Recent reports show that childhood stomach-aches are being linked to anxiety. So studies show that kids who have frequent stomach upset are more likely to develop anxiety in the future, but the truth is, kids are feeling anxiety now. Why? Well, let’s couple this information with the knowledge that in nearly every home across America there sits at least one if not multiple television sets. This is becoming more and more the ‘norm’ in most every country in the world today. Children are being exposed to television much sooner and spending more time in front of it than ever before. If you have children or have spent time around them, you know – they are sponges, picking up everything they hear, say and feel and broadcasting it back in their own unique style. How do we cope with childhood anxiety and is it linked to high levels of television watching?
The first time I sat down with my two year old with the thought of letting him watch some television, it was a new moment for us. We had never had the t.v. on for this little guy when he was younger, and I was more interested in finding out if some of the learning shows which were available might be helpful. I had not been a big television watcher for years, so part of me was skeptical and worried about sitting down with this young mind to expose him to such a world, but it was an experiment.
Having sat with him through every event, day in and day out his whole first two years, the fact that I was so tuned into what he was receiving as impressions and how much they might be affecting him only became clear after turning on the television. At first the images were slow and gentle for this little one to behold. As we experimented with different shows I became acutely aware of the effect of faster paced images on the young mind. The first time it happened, all the flashing pictures and massive streams of data coming through the screen, I felt bombarded. I knew that I had not been exposed to the television in so long that I was vulnerable to such input, but it made me feel even more aware of how it might be for this little person who had never before witnessed such things.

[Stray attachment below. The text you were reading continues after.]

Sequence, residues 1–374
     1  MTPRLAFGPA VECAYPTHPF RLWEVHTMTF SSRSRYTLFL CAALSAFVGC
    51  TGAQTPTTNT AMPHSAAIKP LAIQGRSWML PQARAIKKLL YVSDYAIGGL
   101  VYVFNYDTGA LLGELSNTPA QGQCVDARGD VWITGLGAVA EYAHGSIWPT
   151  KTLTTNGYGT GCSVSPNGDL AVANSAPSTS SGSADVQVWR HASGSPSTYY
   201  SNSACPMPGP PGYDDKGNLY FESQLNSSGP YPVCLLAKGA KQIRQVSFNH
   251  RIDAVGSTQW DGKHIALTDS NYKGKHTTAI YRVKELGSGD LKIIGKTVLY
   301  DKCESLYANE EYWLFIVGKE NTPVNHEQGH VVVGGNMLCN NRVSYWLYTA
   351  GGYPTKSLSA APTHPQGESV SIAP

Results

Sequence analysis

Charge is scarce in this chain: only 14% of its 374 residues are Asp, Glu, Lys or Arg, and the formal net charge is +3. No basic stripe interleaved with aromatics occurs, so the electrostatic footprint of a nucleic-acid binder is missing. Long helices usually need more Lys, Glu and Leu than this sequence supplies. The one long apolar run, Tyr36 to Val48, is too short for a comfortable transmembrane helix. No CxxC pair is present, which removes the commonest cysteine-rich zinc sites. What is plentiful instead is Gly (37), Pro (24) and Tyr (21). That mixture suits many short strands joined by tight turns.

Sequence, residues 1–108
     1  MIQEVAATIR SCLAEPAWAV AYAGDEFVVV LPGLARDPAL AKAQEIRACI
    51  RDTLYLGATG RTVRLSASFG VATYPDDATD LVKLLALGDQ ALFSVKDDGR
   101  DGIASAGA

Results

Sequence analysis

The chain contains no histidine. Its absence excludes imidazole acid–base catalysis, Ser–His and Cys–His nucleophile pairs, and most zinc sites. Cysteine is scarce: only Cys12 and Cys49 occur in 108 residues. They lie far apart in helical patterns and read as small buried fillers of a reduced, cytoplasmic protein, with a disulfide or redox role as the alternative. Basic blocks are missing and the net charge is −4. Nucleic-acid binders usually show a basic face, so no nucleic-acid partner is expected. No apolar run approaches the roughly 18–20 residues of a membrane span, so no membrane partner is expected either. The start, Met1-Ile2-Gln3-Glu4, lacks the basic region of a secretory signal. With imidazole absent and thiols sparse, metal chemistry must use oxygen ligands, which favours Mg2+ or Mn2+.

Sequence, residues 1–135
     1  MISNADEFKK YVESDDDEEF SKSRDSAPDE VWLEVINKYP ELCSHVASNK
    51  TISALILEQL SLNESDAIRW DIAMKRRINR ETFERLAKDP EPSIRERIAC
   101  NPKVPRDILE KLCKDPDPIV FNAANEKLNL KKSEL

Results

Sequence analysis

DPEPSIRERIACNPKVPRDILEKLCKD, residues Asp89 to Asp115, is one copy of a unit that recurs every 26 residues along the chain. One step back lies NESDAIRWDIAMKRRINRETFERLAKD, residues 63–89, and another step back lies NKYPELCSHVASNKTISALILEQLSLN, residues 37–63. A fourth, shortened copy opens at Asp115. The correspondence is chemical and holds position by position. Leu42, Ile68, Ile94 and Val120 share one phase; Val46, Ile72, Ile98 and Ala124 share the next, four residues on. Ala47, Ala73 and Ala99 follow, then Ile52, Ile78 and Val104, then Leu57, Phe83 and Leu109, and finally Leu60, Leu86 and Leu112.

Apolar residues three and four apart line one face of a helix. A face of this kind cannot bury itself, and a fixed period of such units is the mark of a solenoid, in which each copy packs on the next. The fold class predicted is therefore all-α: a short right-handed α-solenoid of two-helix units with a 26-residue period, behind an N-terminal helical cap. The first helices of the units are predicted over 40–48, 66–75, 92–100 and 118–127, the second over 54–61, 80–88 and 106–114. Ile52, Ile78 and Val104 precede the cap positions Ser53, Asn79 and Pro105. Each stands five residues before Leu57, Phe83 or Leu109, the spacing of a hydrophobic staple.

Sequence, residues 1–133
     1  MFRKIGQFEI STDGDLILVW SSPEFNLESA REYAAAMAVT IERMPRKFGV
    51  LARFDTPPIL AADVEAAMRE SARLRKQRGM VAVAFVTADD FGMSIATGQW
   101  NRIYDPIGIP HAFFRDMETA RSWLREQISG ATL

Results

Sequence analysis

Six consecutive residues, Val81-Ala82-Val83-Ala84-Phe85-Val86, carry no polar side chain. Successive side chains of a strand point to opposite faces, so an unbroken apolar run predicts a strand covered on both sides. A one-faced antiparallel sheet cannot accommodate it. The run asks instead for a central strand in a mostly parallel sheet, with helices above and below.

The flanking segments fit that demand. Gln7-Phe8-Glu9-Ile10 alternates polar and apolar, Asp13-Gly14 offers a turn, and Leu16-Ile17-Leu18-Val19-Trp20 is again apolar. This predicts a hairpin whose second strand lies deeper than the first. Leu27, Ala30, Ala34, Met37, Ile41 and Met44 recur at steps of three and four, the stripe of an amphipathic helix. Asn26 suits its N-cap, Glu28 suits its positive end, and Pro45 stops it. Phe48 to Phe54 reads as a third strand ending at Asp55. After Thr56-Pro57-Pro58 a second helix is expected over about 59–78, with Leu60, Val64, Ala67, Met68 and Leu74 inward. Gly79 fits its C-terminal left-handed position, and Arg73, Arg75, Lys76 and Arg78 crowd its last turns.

The more television a child or any person is exposed to, the more desensitized they are to the impact it has on them – though they are still being affected. According to the University of Michigan, television watching among kids is at an eight-year high, reporting that most children ages 2-5 spend on average 32 hours per week on the tube. Kids 6-11 years old spend around 28 hours per week including video games and DVD’s though 97% is live t.v.
In The Future of Children Princton-Brookings Journal it is reported: “Evidence is growing that the fear induced in children by the media is sometimes severe and long-lasting. A survey of more than 2,000 elementary and middle school children revealed that heavy television viewing was associated with self-reported symptoms of anxiety, depression, and post-traumatic stress.“
My six year old has sometimes reported feeling ‘stressed – out’ or ‘anxious’ and I am flabbergasted. How can someone so young feel stress, I wonder? My realizations always point me to correlate his times of ‘stress’ with frequent television exposure. It seems a cycle that is often hard to break for parents who feel they are at a loss for how to keep their kids busy. The answer can be easier than throwing out the television – though that is a good start.
Coping with childhood anxiety